One six-year-old kid, one thousand dollars, one day to spend it.
The guys at Yes Theory gave Huck a cool grand in cash to spend on anything he wanted. Inspired by a scene in Home Alone, he starts with renting a limo. Then it's eating pizza in the limo and then it's taking the limo to the toy store. By the end of (what is a surprisingly heartwarming) video, he's got a bag full of candy and empty pockets (see what he did with the remainder of his cash).
(Neatorama) Read the rest
America's health care is totally screwed up, Part Ten Gazillion: in many cases, the medicines your doctor prescribes are cheaper than the co-pay your health insurance charges, which means that if you just buy the meds instead of charging them to insurance, you save money.
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I've seen people in the US count money in nearly all these ways but perhaps certain methods are dominant in different countries. In any case, the Belarusian finger flip is new to me and rather impressive. Try doing that with your stinkin' bitcoins!
"70 People Reveal How To Count Money in Their Country" (Condé Nast Traveler) Read the rest
Andrey Avgust's speculative redesign for America's heroically ugly paper money reimagines greenbacks as modern plastic banknotes, similar to the more daring bills in Australian and UK currency, with UV-readable serials that are repeated in QR codes with PGP-signed hashes.
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Tesla burned $710m last quarter but hopes to be profitable soon. In the meantime, don't ask Elon any boring questions!
"We're going to go to YouTube. Sorry, these questions are so dry. They're killing me."
Instead, Mr Musk took questions from YouTube vlogger and journalist Galileo Russell who was listening to the call. Mr Russell hosts a YouTube talkshow called HyperChange TV, dedicated to the financial side of Silicon Valley technologies.
Mr Musk encouraged Mr Russell to keep asking questions, because they focused more on technology, rather than business
Here's the official theme tune of your Tesla deposit:
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Being rich might not buy you happiness, but it can get you out of prison pretty damn fast, even if you kill four people. In the holy-shit-what's-gonna-kill-us-today fast-paced world that we live in, it's easy to forget about a Grey Poupon stain like Ethan Couch. Here's his thing, point by point:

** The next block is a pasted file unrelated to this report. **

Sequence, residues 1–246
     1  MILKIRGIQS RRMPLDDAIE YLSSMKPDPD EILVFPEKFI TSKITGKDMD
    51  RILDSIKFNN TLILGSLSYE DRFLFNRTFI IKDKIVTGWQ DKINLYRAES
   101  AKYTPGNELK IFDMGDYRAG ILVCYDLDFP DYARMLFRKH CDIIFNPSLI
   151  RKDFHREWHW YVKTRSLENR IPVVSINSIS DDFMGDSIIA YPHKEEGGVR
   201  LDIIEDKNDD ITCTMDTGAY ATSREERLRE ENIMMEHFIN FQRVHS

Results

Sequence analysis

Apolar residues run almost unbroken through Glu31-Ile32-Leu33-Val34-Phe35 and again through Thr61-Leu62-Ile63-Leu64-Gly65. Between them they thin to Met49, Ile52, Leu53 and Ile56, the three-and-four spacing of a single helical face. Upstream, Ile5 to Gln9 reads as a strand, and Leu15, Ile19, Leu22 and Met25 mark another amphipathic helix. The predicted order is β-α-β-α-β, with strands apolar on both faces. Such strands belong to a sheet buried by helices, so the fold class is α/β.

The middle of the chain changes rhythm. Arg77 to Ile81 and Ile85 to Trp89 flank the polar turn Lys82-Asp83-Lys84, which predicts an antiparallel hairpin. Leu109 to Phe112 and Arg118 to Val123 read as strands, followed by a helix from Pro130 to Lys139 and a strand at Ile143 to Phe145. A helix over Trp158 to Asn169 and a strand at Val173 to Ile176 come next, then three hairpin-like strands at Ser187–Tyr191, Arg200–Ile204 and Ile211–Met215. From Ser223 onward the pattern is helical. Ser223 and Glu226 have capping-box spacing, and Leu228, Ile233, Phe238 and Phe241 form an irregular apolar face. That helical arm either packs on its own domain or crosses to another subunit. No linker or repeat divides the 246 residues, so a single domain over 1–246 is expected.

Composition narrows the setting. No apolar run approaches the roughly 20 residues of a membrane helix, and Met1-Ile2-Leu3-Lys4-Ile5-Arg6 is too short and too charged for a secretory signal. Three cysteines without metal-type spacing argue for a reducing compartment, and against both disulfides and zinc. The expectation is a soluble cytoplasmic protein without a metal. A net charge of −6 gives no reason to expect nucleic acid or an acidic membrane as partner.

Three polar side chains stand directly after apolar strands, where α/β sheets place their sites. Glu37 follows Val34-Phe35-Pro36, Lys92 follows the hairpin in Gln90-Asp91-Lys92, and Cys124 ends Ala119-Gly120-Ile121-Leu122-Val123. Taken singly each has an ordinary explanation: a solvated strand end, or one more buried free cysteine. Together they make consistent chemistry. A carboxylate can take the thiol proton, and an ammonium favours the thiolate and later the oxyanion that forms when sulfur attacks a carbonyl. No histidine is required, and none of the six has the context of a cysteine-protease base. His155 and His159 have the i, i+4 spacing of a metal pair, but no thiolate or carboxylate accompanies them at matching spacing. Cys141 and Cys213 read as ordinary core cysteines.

Back in 2013, the then 16-year old stole booze from a Walmart (classy!) and proceeded to drink. When he was later captured by the police, his BAC was three times the legal limit. Couch also had Valium in his system that day, making for a pretty powerful cocktail. Intoxicated, Couch slammed into a car with his pickup truck, at top speed. All four people in the car were killed.
Couch's high-falootin' rich dude lawyer managed to get him off with 10 years of probation. The lawyer cited the fact that the lad's family was so loaded that he'd grown up rich enough to be shielded from having to learn about right and wrong.
Apparently, he was also too rich to be able to stand the horrors of probation in all the luxury that money can afford. He and his mother, Tonya, took off to Mexico in an attempt to keep him from having to serve the rest of his "sentence."
The Feds came to Mexico, gathered up the pair, and brought them back to the United States. Fun Fact: Tonya Couch didn't go to jail for helping her son flee his probation. Money's AMAZING!
Dylan was finally sentenced to jail. Read the rest
Zarinah Agnew lives at the Red Victorian, a modern-day commune in San Francisco's Haight neighborhood. Six months ago, as an experiment, she and her roommates thumbtacked $80 in cash on three different corkboards (at the Red Vic and another local intentional community called The Embassy). They then attached small pink signs that read, “Take what you need, leave what you don’t!”
They called each of their experimental corkboards, the "Great Wall of Money."
Here's what happened next, according to Agnew:
Read the rest
We left them up in our houses and watched. It was kind of amazing.
I watched them stay pristine for a few days, and slowly gain extra funds. Once they had been touched, the notes started to move and disappear. The $1s went first, but again once a $20 had gone, the others followed suit. But they oscillated back and forth in a healthy manner.
Then one night the board was cleared, presumably by a single person. It was full at 3am and gone by 6am that morning. I was sort of delighted by this as it demonstrated to me that the board wasn’t remaining replenished through politeness. People were using it as it was intended. And lo, after a week, the empty board, started to collect notes once more...
Before long the Red Vic Great Wall of Money collected bart tickets, maps, notes, and all sorts of things. Eventually, the community moved it out onto the street where it collected even more goods and services — half smoked blunts and items of clothing were pinned to the board.